Lying just outside of Las Cruces, Organ Mountains-Desert Peaks was finally protected in 2014 after years of work by stakeholders in and around the city. The Organ Mountains-Desert Peaks National Monument — which protects critical wildlife habitat, cultural and historical sites, and world-class outdoor recreation areas — is being leveraged by Las Cruces to attract new businesses and talented employees attracted to areas near protected public lands.

The biggest opponent of the monument is Rep. Steve Pearce, a member of the congressional “Anti-Parks Caucus” that works to remove protections from American lands. The inclusion of Organ Mountains–Desert Peaks in Secretary Zinke’s report is a clear nod to Pearce, whose top donors are almost entirely oil and gas companies.

Gold Butte National Monument, Nevada

WINNERS: Cliven Bundy
LOSERS: Tribes, wildlife, law enforcement

Gold Butte National Monument | Bureau of Land Management

Designated in 2016, Gold Butte National Monument protects nearly 300,000 acres of rugged desert landscape in southeastern Nevada. Featuring picturesque red rock formations, sandstone canyons, unique Joshua trees, and the endangered desert tortoise, the region has been inhabited for thousands of years, as evidenced by spectacular rock art there.

The designation of Gold Butte was supported by a diverse range of tribes, Latino organizations, and small businesses. Notably, the monument is near the home of Cliven Bundy, the scofflaw rancher who led an armed standoff with federal officials. Eviscerating Gold Butte National Monument would no doubt be a gift to the Bundy family and their supporters who don’t recognize the right of the federal government to even own, much less manage, our public lands.

Cascade-Siskiyou National Monument, Oregon

WINNERS: Timber companies
LOSERS: Hunters, anglers, wildlife

Cascade-Siskiyou National Monument | Bureau of Land Management

Attempting to shrink Cascade-Siskiyou National Monument is a clear giveaway to the timber companies that have long wanted to log the old-growth forests of southern Oregon. Doing so would endanger the huge diversity of wildlife in the region, as well as limit access for sportsmen who hunt and fish in the monument. The executive director of the Association of Northwest Steelheaders quickly called Zinke’s recommendation “the worst attack on Oregon hunters and anglers I’ve seen in my 20 years as a fishing guide.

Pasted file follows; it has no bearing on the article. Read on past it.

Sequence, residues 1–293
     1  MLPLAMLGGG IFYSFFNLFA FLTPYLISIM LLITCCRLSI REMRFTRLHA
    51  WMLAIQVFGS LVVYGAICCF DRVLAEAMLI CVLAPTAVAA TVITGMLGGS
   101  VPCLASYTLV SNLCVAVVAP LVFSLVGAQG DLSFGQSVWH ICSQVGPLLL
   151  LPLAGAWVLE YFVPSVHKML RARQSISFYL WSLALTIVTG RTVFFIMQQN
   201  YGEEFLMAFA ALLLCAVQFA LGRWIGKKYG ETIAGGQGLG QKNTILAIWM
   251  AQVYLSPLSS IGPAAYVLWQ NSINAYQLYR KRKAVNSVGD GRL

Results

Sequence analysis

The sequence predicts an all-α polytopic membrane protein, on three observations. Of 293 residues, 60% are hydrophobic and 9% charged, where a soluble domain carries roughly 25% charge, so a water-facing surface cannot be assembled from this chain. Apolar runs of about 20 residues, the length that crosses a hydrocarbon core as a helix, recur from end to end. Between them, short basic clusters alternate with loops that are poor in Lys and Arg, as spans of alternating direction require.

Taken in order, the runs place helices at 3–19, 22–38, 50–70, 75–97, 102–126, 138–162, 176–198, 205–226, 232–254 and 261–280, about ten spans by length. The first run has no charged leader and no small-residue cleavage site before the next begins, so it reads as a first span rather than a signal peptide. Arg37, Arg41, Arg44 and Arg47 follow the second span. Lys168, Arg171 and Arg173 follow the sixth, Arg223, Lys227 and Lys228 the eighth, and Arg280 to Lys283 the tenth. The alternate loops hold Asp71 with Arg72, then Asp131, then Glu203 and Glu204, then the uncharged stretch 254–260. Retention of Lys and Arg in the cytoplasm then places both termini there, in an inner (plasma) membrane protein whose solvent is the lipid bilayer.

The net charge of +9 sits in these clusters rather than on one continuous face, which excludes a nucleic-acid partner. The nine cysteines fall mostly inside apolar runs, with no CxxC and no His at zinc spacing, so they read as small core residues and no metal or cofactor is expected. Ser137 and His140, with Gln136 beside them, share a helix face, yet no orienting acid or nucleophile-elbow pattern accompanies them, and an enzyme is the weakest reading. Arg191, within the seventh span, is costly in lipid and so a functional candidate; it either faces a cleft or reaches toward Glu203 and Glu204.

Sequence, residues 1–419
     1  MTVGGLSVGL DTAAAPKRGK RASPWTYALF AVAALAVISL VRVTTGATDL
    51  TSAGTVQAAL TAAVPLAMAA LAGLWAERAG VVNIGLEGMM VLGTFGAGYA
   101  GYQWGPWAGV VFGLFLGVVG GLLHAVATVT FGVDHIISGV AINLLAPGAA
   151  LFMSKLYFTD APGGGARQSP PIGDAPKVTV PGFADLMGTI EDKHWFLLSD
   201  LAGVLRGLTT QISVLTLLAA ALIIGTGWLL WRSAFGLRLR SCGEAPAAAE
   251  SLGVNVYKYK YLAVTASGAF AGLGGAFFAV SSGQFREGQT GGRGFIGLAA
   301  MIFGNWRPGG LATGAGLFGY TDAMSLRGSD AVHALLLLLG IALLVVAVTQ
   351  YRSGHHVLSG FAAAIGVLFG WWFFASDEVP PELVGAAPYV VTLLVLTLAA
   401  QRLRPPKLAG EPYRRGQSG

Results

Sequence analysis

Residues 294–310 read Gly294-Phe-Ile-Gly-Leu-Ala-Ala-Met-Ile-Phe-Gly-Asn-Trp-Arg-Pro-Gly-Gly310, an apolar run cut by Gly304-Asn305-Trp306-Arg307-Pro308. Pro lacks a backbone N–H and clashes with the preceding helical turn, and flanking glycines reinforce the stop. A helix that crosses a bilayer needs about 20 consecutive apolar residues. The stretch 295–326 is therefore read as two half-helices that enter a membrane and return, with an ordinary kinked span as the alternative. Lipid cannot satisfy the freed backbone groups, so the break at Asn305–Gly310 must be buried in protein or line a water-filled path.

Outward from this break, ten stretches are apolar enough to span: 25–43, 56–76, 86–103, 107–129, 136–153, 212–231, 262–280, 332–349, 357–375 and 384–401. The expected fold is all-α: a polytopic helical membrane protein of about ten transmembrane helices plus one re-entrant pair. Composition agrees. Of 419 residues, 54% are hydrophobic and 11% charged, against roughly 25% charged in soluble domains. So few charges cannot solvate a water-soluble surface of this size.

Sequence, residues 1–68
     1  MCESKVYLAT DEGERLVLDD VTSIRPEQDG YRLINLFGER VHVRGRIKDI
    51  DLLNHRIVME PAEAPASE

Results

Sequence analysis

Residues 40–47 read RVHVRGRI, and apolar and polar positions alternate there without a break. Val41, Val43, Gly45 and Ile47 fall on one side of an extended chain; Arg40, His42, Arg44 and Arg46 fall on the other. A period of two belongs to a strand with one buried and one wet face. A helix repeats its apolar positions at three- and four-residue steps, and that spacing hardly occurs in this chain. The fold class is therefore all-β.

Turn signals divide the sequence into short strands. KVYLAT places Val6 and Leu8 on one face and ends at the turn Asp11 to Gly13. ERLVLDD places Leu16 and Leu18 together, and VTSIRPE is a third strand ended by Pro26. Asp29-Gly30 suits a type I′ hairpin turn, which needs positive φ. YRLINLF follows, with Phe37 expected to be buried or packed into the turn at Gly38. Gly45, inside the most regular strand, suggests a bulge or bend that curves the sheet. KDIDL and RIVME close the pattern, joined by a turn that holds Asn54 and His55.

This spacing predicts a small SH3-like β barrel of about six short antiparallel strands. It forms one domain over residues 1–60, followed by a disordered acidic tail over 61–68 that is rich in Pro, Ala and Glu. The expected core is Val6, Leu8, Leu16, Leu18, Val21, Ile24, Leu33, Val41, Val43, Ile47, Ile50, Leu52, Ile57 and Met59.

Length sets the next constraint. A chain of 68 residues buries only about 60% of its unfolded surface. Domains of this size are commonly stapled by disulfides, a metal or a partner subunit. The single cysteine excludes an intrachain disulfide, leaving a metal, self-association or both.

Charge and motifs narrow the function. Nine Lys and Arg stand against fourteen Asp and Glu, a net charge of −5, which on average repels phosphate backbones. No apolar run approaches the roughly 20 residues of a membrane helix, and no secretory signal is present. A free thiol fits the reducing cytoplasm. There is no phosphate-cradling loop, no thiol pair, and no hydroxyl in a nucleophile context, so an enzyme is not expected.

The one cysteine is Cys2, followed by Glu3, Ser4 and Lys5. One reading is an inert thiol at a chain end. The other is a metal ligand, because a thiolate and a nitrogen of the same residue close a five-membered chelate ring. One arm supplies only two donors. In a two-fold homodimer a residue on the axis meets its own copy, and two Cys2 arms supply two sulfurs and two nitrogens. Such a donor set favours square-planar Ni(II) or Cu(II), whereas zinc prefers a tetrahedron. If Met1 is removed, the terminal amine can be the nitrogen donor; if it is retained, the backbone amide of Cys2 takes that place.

Katahdin Woods and Waters National Monument, Maine

WINNERS: Timber companies
LOSERS: Boaters, hikers, the St. Clair family

Katahdin Woods and Waters | Department of the Interior

Secretary Zinke advocates explicitly for “active timber management” — better known as logging — at Katahdin Woods and Waters in Maine. Such a move would go against the wishes of the St. Clair family, which donated Katahdin Woods and Waters to the American people specifically so it would be “unimpaired for future generations’ enjoyment.

In addition to taking away recreation opportunities for the boaters and hikers who are just starting to discover Maine’s newest national monument, turning against the St. Clair family in this way would send a clear message to other families that want to preserve their land for future generations: you can’t trust the Interior Department to be a responsible steward of your gift.

Rose Atoll Marine National Monument,
Pacific Remote Islands Marine National Monument,
Northeastern Canyons and Seamounts Marine National Monument

WINNERS: Industrial-scale fishing
LOSERS: Marine life, coral reefs

Rose Atoll (USFWS), Pacific Remote Islands (Erik Oberg/Island Conservation), Northeast Canyons and Seamounts (NOAA)

The attacks on three marine national monuments have one thing in common: industrial-scale fishing operations. (Recreational fishing is still allowed in all marine monuments.) Despite the fact that the vast majority of U.S. waters are, and will remain, open to commercial fishing, Secretary Zinke wants to open fragile ecosystems like the coral reefs at Rose Atoll and Pacific Remote Islands, as well as whale, dolphin, and porpoise habitat at Northeast Canyons and Seamounts to industrial use.